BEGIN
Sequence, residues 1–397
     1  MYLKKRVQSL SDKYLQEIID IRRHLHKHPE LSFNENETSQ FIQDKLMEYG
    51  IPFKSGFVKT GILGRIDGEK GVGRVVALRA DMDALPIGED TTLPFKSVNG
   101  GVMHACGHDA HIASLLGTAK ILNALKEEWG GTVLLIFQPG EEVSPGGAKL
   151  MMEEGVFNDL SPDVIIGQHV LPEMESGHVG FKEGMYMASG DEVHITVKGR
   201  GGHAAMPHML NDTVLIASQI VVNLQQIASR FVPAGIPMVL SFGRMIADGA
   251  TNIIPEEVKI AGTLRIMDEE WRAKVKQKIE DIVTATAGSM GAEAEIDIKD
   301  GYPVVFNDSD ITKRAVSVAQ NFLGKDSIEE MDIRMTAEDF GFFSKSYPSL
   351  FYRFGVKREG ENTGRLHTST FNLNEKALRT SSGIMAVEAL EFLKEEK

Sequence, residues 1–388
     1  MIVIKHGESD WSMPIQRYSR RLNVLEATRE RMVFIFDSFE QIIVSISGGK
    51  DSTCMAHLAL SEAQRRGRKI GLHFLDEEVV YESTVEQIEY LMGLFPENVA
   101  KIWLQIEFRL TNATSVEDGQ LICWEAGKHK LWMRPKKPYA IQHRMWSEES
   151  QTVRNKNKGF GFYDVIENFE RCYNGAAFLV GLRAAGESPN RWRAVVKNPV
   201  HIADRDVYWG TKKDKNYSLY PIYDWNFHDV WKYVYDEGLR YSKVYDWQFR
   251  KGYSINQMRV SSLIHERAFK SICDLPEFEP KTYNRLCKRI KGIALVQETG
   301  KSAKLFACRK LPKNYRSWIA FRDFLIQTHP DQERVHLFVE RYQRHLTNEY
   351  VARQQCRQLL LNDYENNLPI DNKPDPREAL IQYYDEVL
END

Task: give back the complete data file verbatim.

Sequence, residues 1–397
     1  MYLKKRVQSL SDKYLQEIID IRRHLHKHPE LSFNENETSQ FIQDKLMEYG
    51  IPFKSGFVKT GILGRIDGEK GVGRVVALRA DMDALPIGED TTLPFKSVNG
   101  GVMHACGHDA HIASLLGTAK ILNALKEEWG GTVLLIFQPG EEVSPGGAKL
   151  MMEEGVFNDL SPDVIIGQHV LPEMESGHVG FKEGMYMASG DEVHITVKGR
   201  GGHAAMPHML NDTVLIASQI VVNLQQIASR FVPAGIPMVL SFGRMIADGA
   251  TNIIPEEVKI AGTLRIMDEE WRAKVKQKIE DIVTATAGSM GAEAEIDIKD
   301  GYPVVFNDSD ITKRAVSVAQ NFLGKDSIEE MDIRMTAEDF GFFSKSYPSL
   351  FYRFGVKREG ENTGRLHTST FNLNEKALRT SSGIMAVEAL EFLKEEK

Sequence, residues 1–388
     1  MIVIKHGESD WSMPIQRYSR RLNVLEATRE RMVFIFDSFE QIIVSISGGK
    51  DSTCMAHLAL SEAQRRGRKI GLHFLDEEVV YESTVEQIEY LMGLFPENVA
   101  KIWLQIEFRL TNATSVEDGQ LICWEAGKHK LWMRPKKPYA IQHRMWSEES
   151  QTVRNKNKGF GFYDVIENFE RCYNGAAFLV GLRAAGESPN RWRAVVKNPV
   201  HIADRDVYWG TKKDKNYSLY PIYDWNFHDV WKYVYDEGLR YSKVYDWQFR
   251  KGYSINQMRV SSLIHERAFK SICDLPEFEP KTYNRLCKRI KGIALVQETG
   301  KSAKLFACRK LPKNYRSWIA FRDFLIQTHP DQERVHLFVE RYQRHLTNEY
   351  VARQQCRQLL LNDYENNLPI DNKPDPREAL IQYYDEVL